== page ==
It is hardly uncommon to hear discussions about choice in games today. From The Walking Dead to Mass Effect, the idea of games adapting themselves, even in preset ways, to your choices has become quite a prolific one. And why not? Nothing says immersion like being given the ability (or at least an illusion) of freedom in an otherwise static narrative. So why is it that the most commonly implemented “moral choice” system is still that of binary moral choices?
It’s a system that ultimately does little to enhance the core game in any meaningful way. Sure, in the moment of deciding whether to choose a path of absolute good or evil, there’s generally a bit of a thrill in choosing a side. But there is also an issue of making these choices altogether too extreme to the point of hilarity, with many evil choices in particular way too over-the-top and unsympathetic to take seriously. This has a negative effect on the development of the player character; since games tend to reinforce continually picking the same side of the moral spectrum, the player character generally boils down to a boring, 2-dimensional paragon or an unsympathetic, 2-dimensional spawn of evil. There’s also the whole issue of the “good-evil slider”, which is a rather poor display of a character’s moral standing. It seems to imply that you could, in theory, become a mass-murdering maniac before switching to a saintly level of moral compunction in a matter of hours.
In fact, that’s where a lot of my issues with the good/evil dichotomy come from; there’s rarely any sense of consequence. Many games, like Fallout 3 or Fable, present the player with choices that, while perhaps interesting on a surface level, provide very little in terms of consequence immediately after the choice is performed. Take for example, the classic moment in Fallout 3 where the player is given the option to destroy the town of Megaton. Presuming the evil option is selected, the player is treated to the destruction of Megaton, a moment that definitely instills a sense of “did I really just do that?” into the player.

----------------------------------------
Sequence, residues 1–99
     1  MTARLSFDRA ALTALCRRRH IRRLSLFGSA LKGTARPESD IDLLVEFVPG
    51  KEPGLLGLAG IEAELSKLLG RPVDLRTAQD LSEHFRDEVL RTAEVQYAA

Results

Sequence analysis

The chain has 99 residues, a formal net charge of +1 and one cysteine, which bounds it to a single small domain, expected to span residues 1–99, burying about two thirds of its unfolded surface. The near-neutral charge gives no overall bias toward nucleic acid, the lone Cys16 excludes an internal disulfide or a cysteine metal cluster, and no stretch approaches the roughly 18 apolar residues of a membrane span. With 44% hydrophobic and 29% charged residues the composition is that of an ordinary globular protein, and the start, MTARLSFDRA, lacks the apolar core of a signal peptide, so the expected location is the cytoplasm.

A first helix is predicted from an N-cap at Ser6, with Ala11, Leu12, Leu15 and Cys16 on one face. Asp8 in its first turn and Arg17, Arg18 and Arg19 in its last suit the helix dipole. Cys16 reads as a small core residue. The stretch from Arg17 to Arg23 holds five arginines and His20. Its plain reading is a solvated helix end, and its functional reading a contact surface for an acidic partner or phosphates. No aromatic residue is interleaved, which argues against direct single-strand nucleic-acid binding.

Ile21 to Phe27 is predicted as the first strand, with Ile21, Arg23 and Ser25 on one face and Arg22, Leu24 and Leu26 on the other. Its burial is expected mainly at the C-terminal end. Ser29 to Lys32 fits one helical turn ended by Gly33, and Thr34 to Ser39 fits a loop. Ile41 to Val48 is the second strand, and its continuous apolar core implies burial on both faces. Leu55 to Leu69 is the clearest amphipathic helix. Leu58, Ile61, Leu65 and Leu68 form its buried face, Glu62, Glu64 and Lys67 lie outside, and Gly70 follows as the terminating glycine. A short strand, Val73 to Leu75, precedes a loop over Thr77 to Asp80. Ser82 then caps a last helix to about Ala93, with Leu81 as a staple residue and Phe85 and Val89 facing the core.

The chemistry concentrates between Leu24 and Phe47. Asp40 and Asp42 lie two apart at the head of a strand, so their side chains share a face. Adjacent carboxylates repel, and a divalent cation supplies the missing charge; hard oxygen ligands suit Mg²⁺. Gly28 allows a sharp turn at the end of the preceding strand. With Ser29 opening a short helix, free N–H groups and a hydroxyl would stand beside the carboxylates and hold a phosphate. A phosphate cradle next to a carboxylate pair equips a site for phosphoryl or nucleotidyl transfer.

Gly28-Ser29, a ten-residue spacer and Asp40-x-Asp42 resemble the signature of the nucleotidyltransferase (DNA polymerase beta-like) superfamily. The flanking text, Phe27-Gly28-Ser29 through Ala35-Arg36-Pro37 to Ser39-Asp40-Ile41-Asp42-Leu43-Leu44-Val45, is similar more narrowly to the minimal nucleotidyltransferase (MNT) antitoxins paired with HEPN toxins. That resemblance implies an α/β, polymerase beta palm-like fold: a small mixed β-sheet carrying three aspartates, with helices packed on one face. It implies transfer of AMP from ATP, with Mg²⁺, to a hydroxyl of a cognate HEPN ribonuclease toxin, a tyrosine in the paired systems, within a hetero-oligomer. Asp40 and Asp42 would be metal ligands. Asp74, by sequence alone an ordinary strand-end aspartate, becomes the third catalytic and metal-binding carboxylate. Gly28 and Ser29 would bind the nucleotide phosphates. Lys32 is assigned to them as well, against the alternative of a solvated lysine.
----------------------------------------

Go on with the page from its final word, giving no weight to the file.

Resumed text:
And yet, nothing about the rest of the game is really altered in any meaningful way afterwards. You destroyed a town, sure, but plenty of other places provide the exact same uses in terms of gameplay that Megaton did. Perhaps most oddly, it hardly factors into the narrative at all; nobody has any misgivings about allowing someone who caused the deaths of dozens to assist them in healing the wasteland. When the choice comes up at all, the reactions from characters seem to be little more than verbal finger-wags. I found the realization that my choice had very little consequence to rob the moment of the choice a good chunk of its power.
And really, this is as much an issue with all games that utilize narrative as it is those that rely on a binary moral scale. Outside of the odd exception (Tactics Ogre: Let Us Cling Together had dramatically different outcomes to key choices throughout its narrative), very little on either a gameplay or narrative level is rarely affected by any decisions in choice based games. It’s a conundrum, and it also presents a bit of an interesting topic: are false choices still impactful after they have been revealed to be false? Or rather, does the Wizard of Oz still command our attention after he has been revealed to be a meek, small man?
It’s difficult to say, and it’s also important that the lack of consequence can have as much to do with budgeting as anything else; the effort it would take to produce unique content for a combination of different outcomes from choices is likely daunting. For right now, I’ve been encouraged by the shift to a more gray, subtle sort of morality system, exemplified in the aforementioned The Walking Dead and Heavy Rain. It’s a good sign for video game narratives that the childish purely good/purely bad options are dying out in favor of hopefully more nuanced ones. It’ll be interesting to see how far this form of role-playing is able to develop, though.